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Proving paternity in British nationality law: rule change on effect of birth certificates

Being named as father on birth certificate will in future no longer be sufficient to prove paternity in British nationality law where the parents are unmarried. The change is introduced by the British Nationality (Proof of Paternity) (Amendment) Regulations 2015 which amend the British Nationality (Proof of Paternity) Regulations 2006. The changes only take effect for birth certificates issued after 10 September 2015. The change does not affect children or fathers where the birth certificate was issued before 10 September 2015.

Under the new regime the Secretary of State must determine whether a person is the “natural father” of the child, rather than simply “father” of the child. There will no longer be any form of evidence specified by statute, so it will be left to the discretion of the Secretary of State.

In nationality law, the place to which we turn to learn about how discretion will be exercised is normally the Nationality Instructions. These tell us that a DNA test report or court order “may” satisfy the Secretary of State as proof of paternity. There is a list of approved testing laboratories if such a test is needed.

A moment’s thought tells us that the rule change on birth certificates potentially opens a can of worms when it comes to decision making and how to investigate and communicate decisions. DNA tests are likely to become more common. But studies suggest that as many as 1 in 10 children are not genetically related to the person they consider their father, although rates vary in different studies. Where a DNA test has to be commissioned this will be insulting enough to many people, but a significant proportion of those tested will receive some shocking, potentially life changing news. In some cultures this may even place the mother and child in danger.

I once dealt with a case where British citizenship of four of the father’s children was recognised but not of a fifth child. The father himself commissioned DNA tests but these showed that he was not in fact the father. He nevertheless accepted the child as his and pursued the case, which we won under the old version of the regulations. Along the way, though, immigration officials had repeatedly behaved in a highly insensitive manner which potentially exposed the mother to danger.

To see the approach the immigration authorities are supposed to adopt in such cases, turn to Volume 1, Chapter 6, Annex F of the Nationality Instructions:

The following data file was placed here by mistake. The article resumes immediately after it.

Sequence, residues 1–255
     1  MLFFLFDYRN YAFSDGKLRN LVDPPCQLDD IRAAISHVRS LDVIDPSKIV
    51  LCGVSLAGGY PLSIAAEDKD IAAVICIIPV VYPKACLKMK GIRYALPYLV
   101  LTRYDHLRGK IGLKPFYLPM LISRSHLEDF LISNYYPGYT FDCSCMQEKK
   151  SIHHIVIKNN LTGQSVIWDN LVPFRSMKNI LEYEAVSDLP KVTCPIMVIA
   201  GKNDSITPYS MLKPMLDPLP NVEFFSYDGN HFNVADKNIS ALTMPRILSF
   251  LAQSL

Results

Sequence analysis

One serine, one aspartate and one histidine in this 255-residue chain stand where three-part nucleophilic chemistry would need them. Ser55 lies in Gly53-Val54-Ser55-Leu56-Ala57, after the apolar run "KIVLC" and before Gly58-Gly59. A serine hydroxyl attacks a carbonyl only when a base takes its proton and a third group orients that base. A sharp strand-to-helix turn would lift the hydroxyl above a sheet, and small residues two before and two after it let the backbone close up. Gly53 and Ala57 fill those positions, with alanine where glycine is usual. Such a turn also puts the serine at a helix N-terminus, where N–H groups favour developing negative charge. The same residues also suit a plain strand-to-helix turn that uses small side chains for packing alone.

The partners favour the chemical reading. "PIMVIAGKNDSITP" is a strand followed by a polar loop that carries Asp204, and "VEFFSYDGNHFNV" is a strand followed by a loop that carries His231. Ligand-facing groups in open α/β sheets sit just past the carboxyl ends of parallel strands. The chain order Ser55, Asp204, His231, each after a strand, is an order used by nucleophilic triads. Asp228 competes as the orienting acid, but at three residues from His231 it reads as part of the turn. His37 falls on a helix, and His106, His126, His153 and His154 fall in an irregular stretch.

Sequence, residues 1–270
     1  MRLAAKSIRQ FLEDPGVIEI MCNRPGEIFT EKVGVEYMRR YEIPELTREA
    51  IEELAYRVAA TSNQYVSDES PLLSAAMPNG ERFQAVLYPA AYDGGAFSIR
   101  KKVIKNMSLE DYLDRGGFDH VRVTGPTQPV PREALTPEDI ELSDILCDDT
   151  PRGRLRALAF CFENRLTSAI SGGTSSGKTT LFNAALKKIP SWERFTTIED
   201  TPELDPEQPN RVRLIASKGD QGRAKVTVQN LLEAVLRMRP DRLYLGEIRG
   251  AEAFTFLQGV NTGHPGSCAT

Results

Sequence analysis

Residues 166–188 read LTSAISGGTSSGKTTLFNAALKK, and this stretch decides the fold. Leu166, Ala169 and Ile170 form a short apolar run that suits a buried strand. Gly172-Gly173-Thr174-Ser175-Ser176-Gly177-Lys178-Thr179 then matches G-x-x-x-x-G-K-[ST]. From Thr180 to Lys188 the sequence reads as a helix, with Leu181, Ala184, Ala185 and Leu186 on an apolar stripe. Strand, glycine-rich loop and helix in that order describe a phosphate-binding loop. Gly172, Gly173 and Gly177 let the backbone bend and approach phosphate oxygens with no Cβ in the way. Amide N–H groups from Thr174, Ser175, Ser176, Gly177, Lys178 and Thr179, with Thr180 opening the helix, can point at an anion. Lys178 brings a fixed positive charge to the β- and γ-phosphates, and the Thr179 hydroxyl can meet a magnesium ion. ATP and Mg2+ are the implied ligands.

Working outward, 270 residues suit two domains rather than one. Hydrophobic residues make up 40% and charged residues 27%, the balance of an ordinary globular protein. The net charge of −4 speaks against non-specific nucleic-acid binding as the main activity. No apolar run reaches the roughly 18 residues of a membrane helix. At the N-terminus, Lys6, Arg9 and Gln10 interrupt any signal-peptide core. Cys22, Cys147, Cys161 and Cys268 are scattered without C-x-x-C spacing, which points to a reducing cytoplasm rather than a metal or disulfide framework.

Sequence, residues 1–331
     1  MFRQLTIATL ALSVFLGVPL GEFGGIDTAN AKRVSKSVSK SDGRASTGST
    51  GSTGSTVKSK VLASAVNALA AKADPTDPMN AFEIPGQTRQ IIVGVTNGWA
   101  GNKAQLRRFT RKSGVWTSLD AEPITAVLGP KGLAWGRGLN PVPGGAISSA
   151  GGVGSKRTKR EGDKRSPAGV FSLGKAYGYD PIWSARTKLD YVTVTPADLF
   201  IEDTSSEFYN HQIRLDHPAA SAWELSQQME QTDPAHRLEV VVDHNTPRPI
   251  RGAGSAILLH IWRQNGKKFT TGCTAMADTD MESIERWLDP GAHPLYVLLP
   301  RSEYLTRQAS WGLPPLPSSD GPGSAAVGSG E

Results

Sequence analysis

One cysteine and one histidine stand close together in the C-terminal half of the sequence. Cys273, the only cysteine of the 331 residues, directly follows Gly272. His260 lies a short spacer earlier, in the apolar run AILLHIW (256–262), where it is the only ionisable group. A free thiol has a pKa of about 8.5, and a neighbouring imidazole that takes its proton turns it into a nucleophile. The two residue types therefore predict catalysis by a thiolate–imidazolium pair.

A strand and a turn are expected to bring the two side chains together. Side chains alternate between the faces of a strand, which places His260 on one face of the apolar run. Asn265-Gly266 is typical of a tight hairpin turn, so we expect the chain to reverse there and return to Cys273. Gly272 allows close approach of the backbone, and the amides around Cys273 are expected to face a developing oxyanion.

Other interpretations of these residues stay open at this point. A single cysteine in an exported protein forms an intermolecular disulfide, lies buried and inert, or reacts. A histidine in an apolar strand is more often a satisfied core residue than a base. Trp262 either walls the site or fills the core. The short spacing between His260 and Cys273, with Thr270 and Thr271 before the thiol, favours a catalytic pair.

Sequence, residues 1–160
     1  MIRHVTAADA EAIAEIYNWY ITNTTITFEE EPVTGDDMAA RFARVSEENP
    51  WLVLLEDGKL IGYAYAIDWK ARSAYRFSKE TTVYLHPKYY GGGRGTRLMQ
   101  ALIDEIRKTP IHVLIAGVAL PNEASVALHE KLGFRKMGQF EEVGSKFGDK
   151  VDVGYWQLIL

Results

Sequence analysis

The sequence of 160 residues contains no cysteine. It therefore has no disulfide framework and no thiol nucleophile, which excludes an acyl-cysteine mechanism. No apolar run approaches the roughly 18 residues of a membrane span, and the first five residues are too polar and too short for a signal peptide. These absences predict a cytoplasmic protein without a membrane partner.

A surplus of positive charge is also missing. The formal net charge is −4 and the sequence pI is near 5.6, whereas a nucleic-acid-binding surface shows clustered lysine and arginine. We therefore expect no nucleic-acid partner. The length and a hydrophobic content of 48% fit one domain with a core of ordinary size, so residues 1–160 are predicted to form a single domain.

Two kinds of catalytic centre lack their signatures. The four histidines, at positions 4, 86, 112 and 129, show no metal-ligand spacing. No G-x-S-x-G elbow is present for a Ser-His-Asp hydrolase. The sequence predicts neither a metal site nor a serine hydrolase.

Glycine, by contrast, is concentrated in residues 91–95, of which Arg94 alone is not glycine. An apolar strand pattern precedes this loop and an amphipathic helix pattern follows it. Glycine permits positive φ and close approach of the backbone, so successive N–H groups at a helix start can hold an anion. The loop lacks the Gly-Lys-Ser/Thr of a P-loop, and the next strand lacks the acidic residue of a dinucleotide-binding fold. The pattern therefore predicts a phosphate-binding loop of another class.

However, we may normally accept that a man is the father of an illegitimate child if

• paternity has been acknowledged in some other official context – for example, if the child was born abroad and there is reliable evidence that the claimed relationship has been accepted for United Kingdom immigration purposes; or

• he has stated that he is the father and we have confirmation of that from the mother, provided there is no evidence to suggest that their evidence is false (e.g. given in the hope of gaining an immigration advantage)

Under the old appeals regime it was possible to appeal a decision to refuse citizenship to a child in these circumstances. That right of appeal was abolished by the Immigration Act 2014, unfortunately, so an application for judicial review would now be necessary.

Policy SET07 on child entry clearance cases also offers a potential way forward; if British citizenship is refused then an immigration application can be made instead. The section on DNA testing suggests that where one of the “parents” turns out to be another relative entry clearance might still be granted and then goes on:

The ECO must handle such cases with sensitivity as it may not be obvious whether the husband or other family members know of the true relationship and there may be serious repercussions for the wife and child if the information is disclosed (see illegitimacy below).

There may be any number of reasons why a claimed father may not be a child’s natural father including the death of the first husband, rape or adultery.

Illegitimacy

Where DNA evidence indicates that a child may be illegitimate, the ECO should:

  • try to establish the truth of the family circumstances by interviewing the child’s mother as discreetly and sensitively as possible. Referring the case to the UK Visas and Immigration to interview the sponsor should be avoided.

If no information can be elicited from the mother, the best way forward may be to seek information from the sponsor’s representatives (depending on whether they are known to the ECO to be willing to respect the confidence of all parties).

If it appears that an illegitimate child has been brought up as a child of the family, it will normally be appropriate to admit the child under paragraph 297(i)(f). The fact that the sponsor may not be aware that the child is not his natural child should not preclude entry clearance.

The ECO should not routinely disclose information about the DNA report to the sponsor or other family members in cases involving the illegitimate children. However, under the Data Protection Act applicants and sponsors have a right to see personal information about themselves, which we may hold.

I can say with certainty that this policy is not always followed and the suggested sensitivity is not always applied. Nevertheless, this offers a pragmatic way forward where DNA test results come as an unwelcome surprise to the parents.

Colin Yeo
Colin Yeo A barrister specialising in UK immigration law at Garden Court Chambers in London, I have been practising in immigration law for 15 years. I am passionate about immigration law and founded and edit the Free Movement immigration law blog.

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